Case of the Day: Firstbank Puerto Rico v. Atlantic Finance Business Corp.

The case of the day is Firstbank Puerto Rico v. Atlantic Finance Business Corp. (D.P.R. 2014). Firstbank sued Atlantic Finance and Leovigildo Perez–Minaya for breach of contract. The defendants were served with process in the Dominican Republic, which is not a party to the Hague Service Convention or the Inter-American Convention.

There was no dispute that the method of service complied with the law of the Dominican Republic and thus with FRCP 4(f)(2)(A). Rather, the claim, which Atlantic Finance and Perez-Minaya raised on a motion to dismiss for insufficient for service of process, was that the service was untimely under the local law, which, according to the defendants, requires that service be effected “on the eighth day.” But the judge disagreed with this interpretation of the law of the Dominican Republic, holding instead that the reference to the eighth day was a reference to the time for the defendant to enter an appearance, not to service of process at all.

All of this just goes to illustrate the usefulness of the central authority mechanism in cases where service can be made under one of the two service conventions (unfortunately, that wasn’t the case here). It’s hard to figure out the law of many foreign countries, and one of the benefits of the central authority mechanism is to relieve the plaintiff of the burden of figuring out what foreign law requires. The central authority itself is responsible for serving the documents in accordance with its own local law; and US courts generally accord certificates of service returned by the central authority at least prima facie effect, thus at a minimum shifting the burden to the defendant to show that service was not properly effected.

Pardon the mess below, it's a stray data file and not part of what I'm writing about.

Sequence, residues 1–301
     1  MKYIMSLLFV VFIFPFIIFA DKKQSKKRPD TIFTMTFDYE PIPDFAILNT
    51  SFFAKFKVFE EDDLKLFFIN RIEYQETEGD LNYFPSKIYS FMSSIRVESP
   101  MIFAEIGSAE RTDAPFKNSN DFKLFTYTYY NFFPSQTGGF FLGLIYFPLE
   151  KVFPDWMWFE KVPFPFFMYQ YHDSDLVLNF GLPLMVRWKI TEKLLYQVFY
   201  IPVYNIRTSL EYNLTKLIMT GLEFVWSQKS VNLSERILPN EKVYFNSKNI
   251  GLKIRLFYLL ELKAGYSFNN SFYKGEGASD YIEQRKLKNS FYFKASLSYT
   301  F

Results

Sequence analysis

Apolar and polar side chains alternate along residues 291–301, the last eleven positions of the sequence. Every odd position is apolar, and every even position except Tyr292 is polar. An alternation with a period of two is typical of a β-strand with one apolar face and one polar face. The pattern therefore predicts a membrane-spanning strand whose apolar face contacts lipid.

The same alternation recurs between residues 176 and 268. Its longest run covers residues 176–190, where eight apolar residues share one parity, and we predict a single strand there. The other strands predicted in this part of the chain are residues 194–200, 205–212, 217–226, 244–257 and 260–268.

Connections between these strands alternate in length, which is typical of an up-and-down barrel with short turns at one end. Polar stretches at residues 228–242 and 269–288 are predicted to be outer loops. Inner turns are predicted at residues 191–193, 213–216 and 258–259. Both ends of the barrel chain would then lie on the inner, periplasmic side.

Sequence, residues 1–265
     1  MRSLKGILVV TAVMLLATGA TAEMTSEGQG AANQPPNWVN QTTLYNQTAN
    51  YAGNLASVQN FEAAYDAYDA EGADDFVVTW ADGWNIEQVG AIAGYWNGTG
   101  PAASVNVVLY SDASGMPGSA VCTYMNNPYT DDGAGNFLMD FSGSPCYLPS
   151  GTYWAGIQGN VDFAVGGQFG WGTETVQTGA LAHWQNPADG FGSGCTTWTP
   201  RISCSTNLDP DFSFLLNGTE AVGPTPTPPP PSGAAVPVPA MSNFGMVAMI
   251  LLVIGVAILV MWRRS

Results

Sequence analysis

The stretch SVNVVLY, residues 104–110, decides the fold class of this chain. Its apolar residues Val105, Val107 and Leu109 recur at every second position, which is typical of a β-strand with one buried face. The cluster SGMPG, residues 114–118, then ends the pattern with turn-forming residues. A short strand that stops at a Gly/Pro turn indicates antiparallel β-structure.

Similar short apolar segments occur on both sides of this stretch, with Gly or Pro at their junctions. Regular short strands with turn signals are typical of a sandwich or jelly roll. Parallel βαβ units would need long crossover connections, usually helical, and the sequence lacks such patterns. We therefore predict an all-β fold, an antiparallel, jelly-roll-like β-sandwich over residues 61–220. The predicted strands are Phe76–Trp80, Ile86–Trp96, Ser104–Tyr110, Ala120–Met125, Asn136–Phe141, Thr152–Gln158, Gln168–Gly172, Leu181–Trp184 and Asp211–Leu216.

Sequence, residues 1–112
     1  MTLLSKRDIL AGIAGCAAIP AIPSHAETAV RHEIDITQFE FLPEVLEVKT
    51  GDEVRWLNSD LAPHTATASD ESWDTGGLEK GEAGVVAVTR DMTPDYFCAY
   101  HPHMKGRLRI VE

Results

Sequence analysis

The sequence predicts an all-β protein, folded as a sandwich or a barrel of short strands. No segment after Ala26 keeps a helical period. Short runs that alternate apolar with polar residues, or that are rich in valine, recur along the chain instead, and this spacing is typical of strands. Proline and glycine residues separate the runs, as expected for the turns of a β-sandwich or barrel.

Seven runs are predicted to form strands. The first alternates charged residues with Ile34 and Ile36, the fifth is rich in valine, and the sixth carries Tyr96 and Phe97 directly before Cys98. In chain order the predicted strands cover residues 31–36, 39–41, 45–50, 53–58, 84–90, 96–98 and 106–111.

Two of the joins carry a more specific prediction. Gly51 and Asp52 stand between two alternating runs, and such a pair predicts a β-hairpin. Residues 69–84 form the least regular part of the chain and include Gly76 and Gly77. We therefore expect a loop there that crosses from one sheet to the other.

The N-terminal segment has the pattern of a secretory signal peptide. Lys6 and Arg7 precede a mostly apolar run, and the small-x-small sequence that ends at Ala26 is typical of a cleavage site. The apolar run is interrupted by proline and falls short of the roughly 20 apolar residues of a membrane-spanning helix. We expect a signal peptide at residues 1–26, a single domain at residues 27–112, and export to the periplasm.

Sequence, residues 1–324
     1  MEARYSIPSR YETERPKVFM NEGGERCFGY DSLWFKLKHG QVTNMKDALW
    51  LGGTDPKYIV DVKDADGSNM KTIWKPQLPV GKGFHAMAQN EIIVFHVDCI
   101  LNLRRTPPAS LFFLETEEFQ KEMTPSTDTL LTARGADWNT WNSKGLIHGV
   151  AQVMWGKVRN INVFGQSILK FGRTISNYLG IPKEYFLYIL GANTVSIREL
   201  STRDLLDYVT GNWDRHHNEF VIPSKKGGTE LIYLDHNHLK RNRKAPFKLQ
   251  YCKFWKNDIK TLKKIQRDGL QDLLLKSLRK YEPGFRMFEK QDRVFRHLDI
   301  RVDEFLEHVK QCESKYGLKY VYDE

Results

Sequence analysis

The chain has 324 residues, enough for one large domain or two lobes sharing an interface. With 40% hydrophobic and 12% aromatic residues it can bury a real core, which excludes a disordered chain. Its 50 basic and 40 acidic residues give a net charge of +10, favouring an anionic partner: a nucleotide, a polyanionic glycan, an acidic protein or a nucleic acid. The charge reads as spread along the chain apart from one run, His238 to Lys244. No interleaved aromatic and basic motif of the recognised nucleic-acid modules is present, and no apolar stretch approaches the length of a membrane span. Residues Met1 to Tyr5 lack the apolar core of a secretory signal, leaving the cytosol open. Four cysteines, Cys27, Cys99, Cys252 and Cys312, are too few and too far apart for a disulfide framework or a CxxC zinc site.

Leave a Reply

Your email address will not be published. Required fields are marked *

Thank you for commenting! By submitting a comment, you agree that we can retain your name, your email address, your IP address, and the text of your comment, in order to publish your name and comment on Letters Blogatory, to allow our antispam software to operate, and to ensure compliance with our rules against impersonating other commenters.